Building state capacity: lessons From ISIS
The New York Times has a very interesting article on ISIS and how they created a bureaucracy to administer their territory and collect taxes.
The New York Times has a very interesting article on ISIS and how they created a bureaucracy to administer their territory and collect taxes. They recovered 15,000 pages of internal documents revealing how, in addition to brutal beheadings, ISIS paved potholes and ran a DMV.
ISIS built a state of administrative efficiency that collected taxes and picked up the garbage. It ran a marriage office that oversaw medical examinations to ensure that couples could have children. It issued birth certificates — printed on Islamic State stationery — to babies born under the caliphate’s black flag. It even ran its own D.M.V.
ISIS retained the civil service of the lands they captured.
They also suggest that the militants learned from mistakes the United States made in 2003 after it invaded Iraq, including the decision to purge members of Saddam Hussein’s ruling party from their positions and bar them from future employment. That decree succeeded in erasing the Baathist state, but also gutted the country’s civil institutions, creating the power vacuum that groups like ISIS rushed to fill.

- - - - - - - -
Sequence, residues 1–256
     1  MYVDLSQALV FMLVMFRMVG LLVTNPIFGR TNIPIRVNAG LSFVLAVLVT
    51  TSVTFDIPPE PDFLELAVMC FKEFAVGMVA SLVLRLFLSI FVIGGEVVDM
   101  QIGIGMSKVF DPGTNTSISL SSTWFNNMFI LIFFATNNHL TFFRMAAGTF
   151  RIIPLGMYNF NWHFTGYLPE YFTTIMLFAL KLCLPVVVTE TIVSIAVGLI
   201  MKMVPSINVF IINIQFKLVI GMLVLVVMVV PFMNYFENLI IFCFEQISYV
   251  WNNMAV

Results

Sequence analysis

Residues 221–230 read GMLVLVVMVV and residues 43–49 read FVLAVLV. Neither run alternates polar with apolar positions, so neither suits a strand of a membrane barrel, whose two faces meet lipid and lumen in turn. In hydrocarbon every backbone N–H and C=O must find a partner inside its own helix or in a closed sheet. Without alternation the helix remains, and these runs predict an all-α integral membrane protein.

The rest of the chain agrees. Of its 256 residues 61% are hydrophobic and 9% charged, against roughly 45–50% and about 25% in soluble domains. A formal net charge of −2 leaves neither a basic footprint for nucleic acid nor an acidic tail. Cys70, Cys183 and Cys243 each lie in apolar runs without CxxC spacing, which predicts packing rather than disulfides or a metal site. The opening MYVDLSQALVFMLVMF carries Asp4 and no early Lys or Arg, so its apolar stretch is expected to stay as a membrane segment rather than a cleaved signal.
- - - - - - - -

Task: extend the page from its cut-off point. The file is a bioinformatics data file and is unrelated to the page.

Their effective bureaucracy allowed them to tax transactions, and the documents revealed
More surprisingly, the documents provide further evidence that the tax revenue the Islamic State earned far outstripped income from oil sales. It was daily commerce and agriculture — not petroleum — that powered the economy of the caliphate.
Interestingly, in certain circumstances ISIS acted as a profit maximizing agent by reducing bureaucratic hurdles to economic activity.
To increase revenue, the militants ordered the agriculture department to speed up the process for renting land, streamlining a weeks-long application into something that could be accomplished in an afternoon.
Surprisingly, ISIS was more effective administrators than the Iraqi government.
Residents also said that their taps were less likely to run dry, the sewers less likely to overflow and potholes fixed more quickly under the militants, even though there were now near-daily airstrikes.
The article illustrates the challenges of building state capacity, roughly defined as the ability of a state to effectively administer its territory. State capacity has become a hot topic in development literature. In order to have a common market and rule of law, first a state must create an effective monopoly on violence.